I first saw The Nature of Why performed on 11th May last year, and I jumped at the chance to see and hear it again. It is like nothing else I’ve felt musically.  Scored by Goldfrapp’s Will Gregory, based on an old BBC interview with theoretical physicist Richard Feynman, intercut speech with performance that takes place in and around the audience with free-flowing dance movement and singers it is an almost indescribable premise that may seem strange, but trust me is simply extraordinary.

The audience enter the performance space. Conductor Charles Hazelwood introduces the concept. The first audio/visual of the interview cuts in. Then, slowly, the musicians and dancers’ parade in, taking up their first positions among the audience and begin this extraordinary show. As the performers move, so do we as an audience. Standing still is very much not encouraged! We entangle and entwine ourselves with the performers, sometimes literally, and at each turn there is something new to discover and delight in. The percussionist lifted into the air like an arabesque ballerina, continuing to play as she does so. The horn player blowing as he dances and spins in his wheelchair with the dancers. The harpist, with instrument strapped to her like a babe, dancing and playing at the same time. The lines between dance/music/art and even science begin to blur. As do those between audience and performer. We are as integral to the performance as every musician and dancer.  Slowly, ever so slowly tonight, people begin to get it. Hips sway, arms move, contact is made, hands are held and dancers encourage the flow of movement from our limbs until the knots and tangles are all merging.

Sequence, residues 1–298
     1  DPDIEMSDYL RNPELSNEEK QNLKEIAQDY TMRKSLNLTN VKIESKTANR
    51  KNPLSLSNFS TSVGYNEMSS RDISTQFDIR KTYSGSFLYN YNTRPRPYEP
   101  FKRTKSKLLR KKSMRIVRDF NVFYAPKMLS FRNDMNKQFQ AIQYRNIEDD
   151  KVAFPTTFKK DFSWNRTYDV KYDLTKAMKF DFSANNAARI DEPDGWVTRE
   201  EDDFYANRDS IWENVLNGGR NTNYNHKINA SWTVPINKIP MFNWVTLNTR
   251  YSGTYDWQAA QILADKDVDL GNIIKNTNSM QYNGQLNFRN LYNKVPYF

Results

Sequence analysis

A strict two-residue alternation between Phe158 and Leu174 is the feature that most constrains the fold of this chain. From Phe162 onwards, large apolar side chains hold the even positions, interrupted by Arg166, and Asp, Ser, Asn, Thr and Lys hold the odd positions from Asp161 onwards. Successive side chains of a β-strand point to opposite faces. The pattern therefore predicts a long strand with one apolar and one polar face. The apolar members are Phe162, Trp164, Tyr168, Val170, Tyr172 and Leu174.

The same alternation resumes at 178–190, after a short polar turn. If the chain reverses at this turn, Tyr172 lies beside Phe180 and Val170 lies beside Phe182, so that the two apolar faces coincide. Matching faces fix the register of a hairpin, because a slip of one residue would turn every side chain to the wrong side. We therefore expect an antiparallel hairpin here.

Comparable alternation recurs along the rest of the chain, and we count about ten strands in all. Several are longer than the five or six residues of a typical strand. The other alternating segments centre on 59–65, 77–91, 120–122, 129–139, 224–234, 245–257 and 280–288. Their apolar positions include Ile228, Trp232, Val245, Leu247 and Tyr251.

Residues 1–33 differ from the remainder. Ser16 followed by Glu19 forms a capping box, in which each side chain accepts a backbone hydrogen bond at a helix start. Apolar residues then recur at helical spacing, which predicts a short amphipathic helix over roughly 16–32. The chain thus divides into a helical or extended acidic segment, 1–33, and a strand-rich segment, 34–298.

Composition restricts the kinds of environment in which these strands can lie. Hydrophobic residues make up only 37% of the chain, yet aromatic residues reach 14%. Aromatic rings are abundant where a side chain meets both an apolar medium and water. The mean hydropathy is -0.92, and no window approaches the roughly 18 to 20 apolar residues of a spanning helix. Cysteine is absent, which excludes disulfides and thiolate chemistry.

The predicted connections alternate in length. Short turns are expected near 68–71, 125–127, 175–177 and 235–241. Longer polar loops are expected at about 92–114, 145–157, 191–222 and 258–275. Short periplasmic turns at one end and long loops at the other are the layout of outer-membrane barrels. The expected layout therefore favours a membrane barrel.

I stood right behind Charles as he conducted. Where else would you get to experience what that feels like? To have the violins and cellos so close to you that the air vibrates? That you can focus in on the sound of a particular instrument as it plays right next to you. Or strain to hear the one on the opposite side of the room. You make your own sound mix as you move around. Your ears. eyes and emotions all working together to create an experience unique to you. For a few glorious moments I was stood right in front of a violin, bursting with life and fire and energy. It was thrilling and sent shockwaves through my system and set my synapses on fire.